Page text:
Hakone is a small mountainous town just a stone’s throw from Tokyo. It is one of Japan’s many hot spring resorts, giving visitors the opportunity to wallow in its natural thermal waters. It can also be the ideal place for catching views of Mount Fuji, although this does depend on the weather. Most of the activities in Hakone centre around the beautiful Lake Ashi. These include boat trips, cable car rides and a perfect photo opportunity at Hakone Shrine, which has a magnificent torii gate on the lake’s edge.
Hakone has long been a place of religious significance, with the Hakone Shrine dating as far back as 757 AD. It was a popular pilgrimage site during the Kamakura Period and continued to be visited by samurai and noblemen well into the Edo Period (1603-1868).
In the 19th century, the resort became associated with royalty after the imperial family built the Hakone Imperial Villa in 1886. The villa – a palatial residence including both Western and Japanese-style buildings – was sadly destroyed in the Great Kanto Earthquake of 1923. The rich, famous and powerful later continued to frequent the town, with Charlie Chaplin, John Lennon and various international royals known to have stayed there.
If you’re travelling to Hakone, it might be worth considering the Hakone Free Pass. The 2-day pass costs around £30 ($40USD) and provides unlimited access to trains, buses, boats and cable cars operated by Odakyu Railways. It also grants pass-holders discounted admission to some other attractions in Hakone. A cruise across Lake Ashi, aboard a gaudily decked-out pirate ship is a particular highlight of the activities available.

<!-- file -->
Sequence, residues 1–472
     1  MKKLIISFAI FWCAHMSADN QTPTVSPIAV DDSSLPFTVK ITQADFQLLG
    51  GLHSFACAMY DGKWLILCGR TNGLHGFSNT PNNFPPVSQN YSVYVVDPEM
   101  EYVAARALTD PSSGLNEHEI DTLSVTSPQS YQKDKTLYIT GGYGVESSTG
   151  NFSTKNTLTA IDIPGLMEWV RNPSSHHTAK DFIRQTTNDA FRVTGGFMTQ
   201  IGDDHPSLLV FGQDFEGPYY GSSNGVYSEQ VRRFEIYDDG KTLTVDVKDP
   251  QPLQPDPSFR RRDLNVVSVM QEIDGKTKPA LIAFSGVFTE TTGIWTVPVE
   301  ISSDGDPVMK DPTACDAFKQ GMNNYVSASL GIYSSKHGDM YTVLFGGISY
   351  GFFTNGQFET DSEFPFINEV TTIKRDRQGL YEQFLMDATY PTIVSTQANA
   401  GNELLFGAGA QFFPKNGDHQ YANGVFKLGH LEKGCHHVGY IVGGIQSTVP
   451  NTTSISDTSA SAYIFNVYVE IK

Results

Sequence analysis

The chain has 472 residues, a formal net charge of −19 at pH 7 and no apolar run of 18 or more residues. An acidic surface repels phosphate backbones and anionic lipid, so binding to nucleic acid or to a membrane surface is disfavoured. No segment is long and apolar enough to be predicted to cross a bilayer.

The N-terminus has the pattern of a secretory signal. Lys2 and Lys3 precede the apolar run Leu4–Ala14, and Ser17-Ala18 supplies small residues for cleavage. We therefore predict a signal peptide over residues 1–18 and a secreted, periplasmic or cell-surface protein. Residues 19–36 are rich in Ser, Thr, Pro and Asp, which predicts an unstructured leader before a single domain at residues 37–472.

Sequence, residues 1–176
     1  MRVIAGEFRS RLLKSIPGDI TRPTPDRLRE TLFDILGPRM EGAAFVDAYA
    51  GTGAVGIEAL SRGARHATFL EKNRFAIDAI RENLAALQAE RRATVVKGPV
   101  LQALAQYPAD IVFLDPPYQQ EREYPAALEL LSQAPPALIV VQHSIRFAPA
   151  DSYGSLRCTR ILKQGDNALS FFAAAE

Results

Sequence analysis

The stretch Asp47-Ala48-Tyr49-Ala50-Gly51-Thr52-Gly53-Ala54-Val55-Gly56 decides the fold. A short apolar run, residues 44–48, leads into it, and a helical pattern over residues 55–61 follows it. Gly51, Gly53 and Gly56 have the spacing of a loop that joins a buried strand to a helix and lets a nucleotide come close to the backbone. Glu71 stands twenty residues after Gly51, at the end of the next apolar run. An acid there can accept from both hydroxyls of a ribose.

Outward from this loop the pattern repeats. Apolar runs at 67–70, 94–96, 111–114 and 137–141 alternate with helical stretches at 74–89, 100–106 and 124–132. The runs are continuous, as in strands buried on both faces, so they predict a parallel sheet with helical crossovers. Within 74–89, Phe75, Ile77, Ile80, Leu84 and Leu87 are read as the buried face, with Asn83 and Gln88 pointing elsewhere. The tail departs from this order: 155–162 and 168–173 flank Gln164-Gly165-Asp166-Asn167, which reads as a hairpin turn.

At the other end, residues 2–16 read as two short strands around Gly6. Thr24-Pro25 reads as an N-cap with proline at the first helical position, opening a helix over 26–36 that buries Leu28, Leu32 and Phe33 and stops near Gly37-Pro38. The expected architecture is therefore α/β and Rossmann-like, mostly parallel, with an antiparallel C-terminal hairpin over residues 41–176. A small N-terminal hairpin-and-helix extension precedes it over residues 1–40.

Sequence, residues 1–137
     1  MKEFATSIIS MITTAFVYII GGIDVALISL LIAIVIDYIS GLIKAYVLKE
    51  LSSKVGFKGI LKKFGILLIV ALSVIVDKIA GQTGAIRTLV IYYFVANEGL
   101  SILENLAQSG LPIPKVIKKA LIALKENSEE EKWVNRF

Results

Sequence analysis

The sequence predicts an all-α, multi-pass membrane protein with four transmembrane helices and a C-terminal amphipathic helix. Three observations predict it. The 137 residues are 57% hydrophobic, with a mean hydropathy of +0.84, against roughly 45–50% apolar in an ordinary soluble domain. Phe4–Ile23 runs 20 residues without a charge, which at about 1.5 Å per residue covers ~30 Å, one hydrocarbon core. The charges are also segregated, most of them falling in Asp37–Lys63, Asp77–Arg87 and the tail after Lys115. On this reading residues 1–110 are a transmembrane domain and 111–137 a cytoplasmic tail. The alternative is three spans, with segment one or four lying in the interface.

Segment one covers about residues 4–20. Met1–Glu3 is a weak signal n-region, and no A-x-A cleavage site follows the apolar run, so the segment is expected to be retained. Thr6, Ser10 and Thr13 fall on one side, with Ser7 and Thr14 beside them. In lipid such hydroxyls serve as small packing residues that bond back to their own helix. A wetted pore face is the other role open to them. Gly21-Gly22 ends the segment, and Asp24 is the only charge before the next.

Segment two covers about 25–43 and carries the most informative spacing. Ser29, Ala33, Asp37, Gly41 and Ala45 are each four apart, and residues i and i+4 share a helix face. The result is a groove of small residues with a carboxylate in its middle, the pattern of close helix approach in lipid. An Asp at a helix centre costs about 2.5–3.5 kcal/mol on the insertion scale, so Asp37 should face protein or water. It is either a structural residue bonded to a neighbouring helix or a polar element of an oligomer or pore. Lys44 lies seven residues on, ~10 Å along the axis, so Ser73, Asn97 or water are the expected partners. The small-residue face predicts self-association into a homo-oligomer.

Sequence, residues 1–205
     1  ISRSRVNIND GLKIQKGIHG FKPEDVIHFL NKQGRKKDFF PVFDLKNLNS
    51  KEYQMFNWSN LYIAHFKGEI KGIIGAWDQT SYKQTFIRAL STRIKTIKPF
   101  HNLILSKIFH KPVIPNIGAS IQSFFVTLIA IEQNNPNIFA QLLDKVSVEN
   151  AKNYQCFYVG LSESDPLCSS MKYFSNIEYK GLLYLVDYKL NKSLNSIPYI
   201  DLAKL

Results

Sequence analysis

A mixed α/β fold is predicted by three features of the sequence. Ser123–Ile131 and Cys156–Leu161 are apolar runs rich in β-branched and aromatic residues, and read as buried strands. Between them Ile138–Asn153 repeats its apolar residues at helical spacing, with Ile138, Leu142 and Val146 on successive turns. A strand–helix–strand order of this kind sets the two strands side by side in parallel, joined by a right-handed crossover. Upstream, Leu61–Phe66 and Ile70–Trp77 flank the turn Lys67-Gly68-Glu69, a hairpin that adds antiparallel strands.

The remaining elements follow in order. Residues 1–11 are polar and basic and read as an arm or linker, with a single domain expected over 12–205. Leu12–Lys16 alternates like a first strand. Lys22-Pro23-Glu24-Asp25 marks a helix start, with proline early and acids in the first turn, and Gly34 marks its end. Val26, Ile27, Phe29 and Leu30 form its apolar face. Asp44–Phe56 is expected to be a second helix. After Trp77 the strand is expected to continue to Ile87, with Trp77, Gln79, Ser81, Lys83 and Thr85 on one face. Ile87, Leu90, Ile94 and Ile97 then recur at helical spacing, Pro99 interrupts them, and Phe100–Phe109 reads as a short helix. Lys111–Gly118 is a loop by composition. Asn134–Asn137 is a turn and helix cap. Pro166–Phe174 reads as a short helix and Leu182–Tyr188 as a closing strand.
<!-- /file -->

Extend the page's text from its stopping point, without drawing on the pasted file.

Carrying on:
If that doesn’t appeal, there are a number of hiking trails in Hakone for those who prefer to keep off the beaten track. Most of the routes are pretty gentle and are ideal for families and less experienced hikers.
If you’re coming with us to Japan, you’ll be staying in a ryokan during your time in Hakone. These traditional Japanese inns – many of which have their own onsen (hot spring bath) – provide the best opportunities for travellers to experience authentic Japanese hospitality. On arrival at a ryokan you will be given a cotton robe called a yukataand either slippers or a pair of wooden flip flops called geta. You can then wear this outfit while you relax in the grounds of the ryokan. Bedrooms are laid out in traditional Japanese style, with tatami mats and futon and bathrooms tend to be shared with other guests. If you find yourself with some extra time in Hakone, it can be worth returning to your ryokan to relax and have a soak in the onsen.
While they may look a little scary, black eggs or kurotamago are a popular local specialty in Hakone. They are made by boiling eggs for an hour in sulphur-rich volcanic waters and are said to bring good luck to those who eat them.
Hakone tofu, made using local spring water is a delicate and nutritious dish which is also well worth a try.
Bakery & Table in Hakone town has great views across Lake Ashi and offers Western-style dining as well as a huge selection of delicious baked goods that you can eat-in or takeaway. Start off with the karepan, a savoury doughnut filled with Japanese curry and a perfectly boiled egg – you won’t regret it!
Japan’s four distinct seasons can be enjoyed at their best in Hakone. The foliage rich landscape means that the town is particularly picturesque during the spring and autumn months. The winter months are arguably the best for enjoying the balmy waters of the onsen.